It would be difficult to challenge the secretary of state’s authority to revoke or deny the U.S. visas of ICC personnel in light of the broad language of § 1182, as well as the Supreme Court’s generous interpretation of the executive’s authority to restrict the entry of aliens on national security grounds in Trump v. Hawaii (in the context of § 1182(f) on suspension of entry by the president). The wrinkle in this analysis, as Dapo Akande and Marty Lederman have observed, is the U.S. obligation to allow access to the U.N. headquarters in New York under the 1947 U.N.-U.S. Headquarters Agreement. But the reports suggest that Bensouda and other ICC officials whose visas had been or will be revoked would still be able to travel to the U.N. despite the U.S. travel ban.

Pompeo also threatened that the next step would be economic sanctions—that is, the freezing of the assets of ICC officials within U.S. jurisdiction. Such a move would probably rely on the president’s authority under the IEEPA to block the assets of individuals to address national security threats with a significant foreign element. It would require the president to declare a national emergency with respect to the ICC under the National Emergencies Act, followed by an executive order that would create an ICC designation program similar to other sanctions programs currently administered by the Office of Foreign Assets Control at the Treasury Department.

It is worth underscoring just how extraordinary such a move would be: The United States would be declaring an emergency with respect to the actions of an international institution and imposing severe economic restrictions on its officials. Still, IEEPA delegates broad sanctions powers to the president, which presidents have applied to address situations that do not constitute emergencies in the traditional sense of the term—most recently and controversially, President Trump’s declaration of emergency along the U.S.-Mexico border. While these powers have thus far been applied to terrorists, proliferators, narcotics traffickers, and the likes of Syria, Iran and North Korea, there is no limiting principle under the law as it currently stands that would prevent the president from extending IEEPA individual sanctions to ICC officials it claims pose a national security threat to the United States. The argument seems to be that the ICC is a national security threat to the extent that it exposes U.S. personnel to politically motivated prosecution by what the administration sees as an unaccountable tribunal.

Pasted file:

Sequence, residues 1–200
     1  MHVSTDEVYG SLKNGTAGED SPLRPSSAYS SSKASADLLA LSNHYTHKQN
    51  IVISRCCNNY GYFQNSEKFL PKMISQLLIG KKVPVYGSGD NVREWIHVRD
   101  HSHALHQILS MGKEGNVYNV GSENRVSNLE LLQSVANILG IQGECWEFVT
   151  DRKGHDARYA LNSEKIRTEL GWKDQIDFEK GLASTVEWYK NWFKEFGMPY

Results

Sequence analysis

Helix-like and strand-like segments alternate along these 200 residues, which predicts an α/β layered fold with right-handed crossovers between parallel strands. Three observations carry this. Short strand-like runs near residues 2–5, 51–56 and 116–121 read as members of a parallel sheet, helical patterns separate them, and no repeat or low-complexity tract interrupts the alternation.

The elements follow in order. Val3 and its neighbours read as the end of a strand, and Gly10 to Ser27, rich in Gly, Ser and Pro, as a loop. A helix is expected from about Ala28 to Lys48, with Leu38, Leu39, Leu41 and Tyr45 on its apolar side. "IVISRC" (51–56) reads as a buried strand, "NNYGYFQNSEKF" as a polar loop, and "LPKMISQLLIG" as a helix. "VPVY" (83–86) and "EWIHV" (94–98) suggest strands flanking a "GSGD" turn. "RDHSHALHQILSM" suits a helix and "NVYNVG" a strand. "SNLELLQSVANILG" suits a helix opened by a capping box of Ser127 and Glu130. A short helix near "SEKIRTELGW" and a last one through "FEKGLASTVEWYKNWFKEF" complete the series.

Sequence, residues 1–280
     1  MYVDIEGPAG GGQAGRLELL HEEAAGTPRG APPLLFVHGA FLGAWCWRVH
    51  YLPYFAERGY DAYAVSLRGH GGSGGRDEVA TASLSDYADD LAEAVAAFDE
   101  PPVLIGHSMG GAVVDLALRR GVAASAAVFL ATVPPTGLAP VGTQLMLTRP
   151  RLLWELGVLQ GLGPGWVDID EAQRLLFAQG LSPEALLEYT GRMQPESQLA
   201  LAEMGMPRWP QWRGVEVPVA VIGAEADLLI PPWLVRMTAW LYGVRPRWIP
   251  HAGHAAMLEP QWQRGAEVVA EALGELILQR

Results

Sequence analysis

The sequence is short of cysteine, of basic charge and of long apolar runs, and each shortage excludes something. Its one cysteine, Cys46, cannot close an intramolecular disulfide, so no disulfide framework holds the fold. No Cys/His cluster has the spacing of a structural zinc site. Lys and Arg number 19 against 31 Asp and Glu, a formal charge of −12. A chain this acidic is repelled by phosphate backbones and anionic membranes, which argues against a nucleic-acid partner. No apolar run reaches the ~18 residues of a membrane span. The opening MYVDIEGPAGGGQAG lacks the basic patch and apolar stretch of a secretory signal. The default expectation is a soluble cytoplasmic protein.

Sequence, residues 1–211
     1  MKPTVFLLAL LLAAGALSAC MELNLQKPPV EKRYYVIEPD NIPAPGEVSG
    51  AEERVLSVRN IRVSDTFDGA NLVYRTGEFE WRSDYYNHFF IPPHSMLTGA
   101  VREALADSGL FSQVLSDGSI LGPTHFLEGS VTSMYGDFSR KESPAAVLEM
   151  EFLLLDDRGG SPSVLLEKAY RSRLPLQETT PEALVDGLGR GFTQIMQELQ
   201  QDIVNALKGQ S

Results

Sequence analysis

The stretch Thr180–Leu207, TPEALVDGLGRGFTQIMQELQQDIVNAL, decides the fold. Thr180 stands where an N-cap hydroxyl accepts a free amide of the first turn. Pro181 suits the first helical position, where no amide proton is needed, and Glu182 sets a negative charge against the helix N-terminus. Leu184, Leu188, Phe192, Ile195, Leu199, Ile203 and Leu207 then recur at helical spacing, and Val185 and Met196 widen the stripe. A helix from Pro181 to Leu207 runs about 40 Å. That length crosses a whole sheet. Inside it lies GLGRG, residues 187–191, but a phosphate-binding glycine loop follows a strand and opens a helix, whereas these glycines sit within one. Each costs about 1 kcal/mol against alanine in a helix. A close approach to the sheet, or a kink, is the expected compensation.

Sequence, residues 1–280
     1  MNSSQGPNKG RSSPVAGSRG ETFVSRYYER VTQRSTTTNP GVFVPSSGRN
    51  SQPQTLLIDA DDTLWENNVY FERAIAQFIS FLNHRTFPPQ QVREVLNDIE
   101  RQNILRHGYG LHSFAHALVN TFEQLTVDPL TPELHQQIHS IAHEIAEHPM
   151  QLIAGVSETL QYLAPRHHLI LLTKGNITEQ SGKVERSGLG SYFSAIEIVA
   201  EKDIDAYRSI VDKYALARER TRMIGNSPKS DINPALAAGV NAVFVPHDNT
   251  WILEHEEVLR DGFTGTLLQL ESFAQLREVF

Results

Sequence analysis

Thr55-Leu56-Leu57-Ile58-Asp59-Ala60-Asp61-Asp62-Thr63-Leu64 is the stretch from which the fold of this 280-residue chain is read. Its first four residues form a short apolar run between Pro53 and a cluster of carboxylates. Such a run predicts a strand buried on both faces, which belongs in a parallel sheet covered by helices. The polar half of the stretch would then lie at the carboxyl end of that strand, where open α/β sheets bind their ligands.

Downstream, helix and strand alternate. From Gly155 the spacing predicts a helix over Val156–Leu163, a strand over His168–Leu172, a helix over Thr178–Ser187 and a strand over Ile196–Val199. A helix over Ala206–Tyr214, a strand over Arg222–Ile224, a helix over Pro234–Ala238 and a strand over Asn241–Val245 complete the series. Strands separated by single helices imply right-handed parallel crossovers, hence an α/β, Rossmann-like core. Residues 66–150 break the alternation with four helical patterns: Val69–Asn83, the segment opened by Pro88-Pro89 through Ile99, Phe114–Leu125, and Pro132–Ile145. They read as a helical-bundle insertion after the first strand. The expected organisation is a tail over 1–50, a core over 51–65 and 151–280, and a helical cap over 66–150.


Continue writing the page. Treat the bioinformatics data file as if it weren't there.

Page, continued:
The visa revocations are likely premised on the assumption that intimidating and taxing individual ICC officials will deter them from pursuing investigations of the United States and Israel. But it is not clear whether this move will achieve more than sending the rest of the world the message that officials of international institutions are fair game. Other states might conclude that they are entitled to go after individual officials if they don’t like what an international institution is doing. It is one thing to disengage from the ICC, trumpet its flaws and accountability gaps, and even obstruct its investigations. It is a completely different thing to essentially blackmail individual officials of the court in their personal capacity.